Alarm raised over blocked fire escape routes


FLINDERS and Red Hill residents concerned by predictions of an intense fire danger season are meeting Mornington Peninsula Shire officers to discuss ways of making their communities safer.

A blocked escape route is causing a double problem for residents of William and Bourke roads in Red Hill – residents cannot get out and fire vehicles cannot get into the area other than from Arthurs Seat Rd.

It is believed the CFA is reluctant to enter parts of the area because of access problems.

Twenty local residents met last month to discuss the blocked track that would enable them to reach the safety of the Mornington Flinders Rd at Elizabeth St  near Red Hill Consolidated School.

Red Hill ward councillor Tim Wood is arranging for both communities to meet shire officers over their issues.

In a letter to Cr Wood, Red Hill Community Association chairperson David Maddocks stated residents had “expressed grave concerns about the lack of access/evacuation routes … if Williams Rd was blocked by fire coming from the direction of Arthurs Seat Rd”.

It continues: “…[A] section of about 100 metres at the Elizabeth St end has become overgrown with woody weeds and … occupied as a truck parking and storage space.  While some years ago this stretch was passable by pedestrians, it is now impassable, even on foot … As concerns for an exceptionally high risk fire season are mounting, RHCA considers that urgent action be taken to make Bourke Rd accessible – at least to the standard of a fire track that can be used by pedestrians and vehicles.”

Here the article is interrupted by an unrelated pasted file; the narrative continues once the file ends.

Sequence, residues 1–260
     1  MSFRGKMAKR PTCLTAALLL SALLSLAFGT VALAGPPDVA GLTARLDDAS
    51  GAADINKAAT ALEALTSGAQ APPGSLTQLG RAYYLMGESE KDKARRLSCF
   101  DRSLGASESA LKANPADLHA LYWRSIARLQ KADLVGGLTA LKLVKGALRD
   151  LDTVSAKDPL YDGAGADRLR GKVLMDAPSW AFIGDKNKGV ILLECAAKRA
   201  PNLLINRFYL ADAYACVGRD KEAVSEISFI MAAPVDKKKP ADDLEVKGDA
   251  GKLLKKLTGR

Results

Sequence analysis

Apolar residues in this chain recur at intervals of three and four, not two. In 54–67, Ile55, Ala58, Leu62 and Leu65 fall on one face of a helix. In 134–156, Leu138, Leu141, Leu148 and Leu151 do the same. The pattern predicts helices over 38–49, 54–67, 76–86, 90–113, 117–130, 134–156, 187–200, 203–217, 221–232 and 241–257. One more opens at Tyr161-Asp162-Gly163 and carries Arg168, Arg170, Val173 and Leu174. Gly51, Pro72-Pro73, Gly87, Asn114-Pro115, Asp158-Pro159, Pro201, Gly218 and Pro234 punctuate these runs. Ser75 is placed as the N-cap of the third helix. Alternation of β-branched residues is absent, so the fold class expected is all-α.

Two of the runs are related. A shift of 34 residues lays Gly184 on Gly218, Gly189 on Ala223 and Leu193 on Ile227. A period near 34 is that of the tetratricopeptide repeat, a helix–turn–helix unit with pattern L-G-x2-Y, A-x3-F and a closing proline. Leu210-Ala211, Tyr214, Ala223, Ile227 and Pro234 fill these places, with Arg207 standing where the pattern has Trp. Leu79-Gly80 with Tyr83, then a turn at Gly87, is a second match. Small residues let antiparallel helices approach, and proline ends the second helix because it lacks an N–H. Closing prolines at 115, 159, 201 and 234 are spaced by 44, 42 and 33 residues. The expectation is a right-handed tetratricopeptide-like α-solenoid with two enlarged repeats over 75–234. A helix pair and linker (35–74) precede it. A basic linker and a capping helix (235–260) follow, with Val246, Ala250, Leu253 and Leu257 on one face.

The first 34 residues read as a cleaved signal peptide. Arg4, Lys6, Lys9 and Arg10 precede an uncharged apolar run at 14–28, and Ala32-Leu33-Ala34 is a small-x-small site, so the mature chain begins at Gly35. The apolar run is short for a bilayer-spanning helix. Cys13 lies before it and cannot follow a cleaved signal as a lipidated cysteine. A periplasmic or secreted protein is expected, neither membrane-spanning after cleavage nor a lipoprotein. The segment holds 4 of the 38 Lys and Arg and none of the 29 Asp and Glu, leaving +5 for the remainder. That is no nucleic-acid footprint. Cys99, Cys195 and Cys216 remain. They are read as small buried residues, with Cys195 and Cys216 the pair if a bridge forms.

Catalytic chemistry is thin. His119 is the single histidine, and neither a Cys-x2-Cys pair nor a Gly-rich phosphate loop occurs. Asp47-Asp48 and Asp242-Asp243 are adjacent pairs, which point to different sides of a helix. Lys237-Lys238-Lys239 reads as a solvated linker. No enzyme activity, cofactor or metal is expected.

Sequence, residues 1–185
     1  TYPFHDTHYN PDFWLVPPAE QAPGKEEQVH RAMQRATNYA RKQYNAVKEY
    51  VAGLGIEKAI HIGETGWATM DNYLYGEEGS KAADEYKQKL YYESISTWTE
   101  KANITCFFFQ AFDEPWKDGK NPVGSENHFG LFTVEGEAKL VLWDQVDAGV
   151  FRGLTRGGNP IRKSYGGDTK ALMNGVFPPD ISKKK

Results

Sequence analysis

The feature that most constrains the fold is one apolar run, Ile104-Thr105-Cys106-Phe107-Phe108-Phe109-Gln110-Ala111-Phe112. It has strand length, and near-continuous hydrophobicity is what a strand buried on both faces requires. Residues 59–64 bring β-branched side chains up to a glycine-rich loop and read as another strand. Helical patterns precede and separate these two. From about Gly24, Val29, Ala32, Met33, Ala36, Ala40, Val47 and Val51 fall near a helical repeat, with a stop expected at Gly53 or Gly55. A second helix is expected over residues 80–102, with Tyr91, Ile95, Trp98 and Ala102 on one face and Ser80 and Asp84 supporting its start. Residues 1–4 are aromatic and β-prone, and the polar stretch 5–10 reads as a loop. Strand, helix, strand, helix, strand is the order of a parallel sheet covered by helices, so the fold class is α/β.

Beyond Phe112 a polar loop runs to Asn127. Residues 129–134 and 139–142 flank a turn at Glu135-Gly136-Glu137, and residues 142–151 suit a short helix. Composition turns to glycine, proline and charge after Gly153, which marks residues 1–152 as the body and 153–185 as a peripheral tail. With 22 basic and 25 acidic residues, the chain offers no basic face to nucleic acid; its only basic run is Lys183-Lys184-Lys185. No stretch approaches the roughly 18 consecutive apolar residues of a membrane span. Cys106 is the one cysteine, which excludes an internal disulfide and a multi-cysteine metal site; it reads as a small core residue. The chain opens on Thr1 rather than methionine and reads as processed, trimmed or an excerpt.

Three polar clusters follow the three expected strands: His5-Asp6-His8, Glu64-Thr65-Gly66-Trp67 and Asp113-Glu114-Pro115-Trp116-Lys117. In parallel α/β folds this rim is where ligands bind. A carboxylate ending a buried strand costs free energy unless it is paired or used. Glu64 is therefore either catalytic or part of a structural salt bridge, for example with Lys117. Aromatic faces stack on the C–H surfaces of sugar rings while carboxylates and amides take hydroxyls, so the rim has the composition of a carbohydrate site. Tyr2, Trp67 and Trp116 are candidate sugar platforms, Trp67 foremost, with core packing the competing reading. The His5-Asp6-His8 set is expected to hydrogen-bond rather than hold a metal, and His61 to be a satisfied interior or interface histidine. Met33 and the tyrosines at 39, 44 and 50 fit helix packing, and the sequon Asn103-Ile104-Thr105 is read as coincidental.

Other Red Hill streets are blocked – as no doubt are others across the shire – or are restricted pedestrian thoroughfares, adding to the burden of staff racing to prepare the shire for the coming fire danger months.

While fire authorities’ emphasise residents’ responsibility to leave early on fire Code Red days, with their “Leave and Live” message, the CFA has acknowledged that more than 43 per cent of bushfires are deliberately lit.

These random blazes make it virtually impossible for people to execute their fire plans in an orderly way. In such circumstances, evacuation routes could well save lives.

First published in the Southern Peninsula News – 15 December 2015


Comments are closed.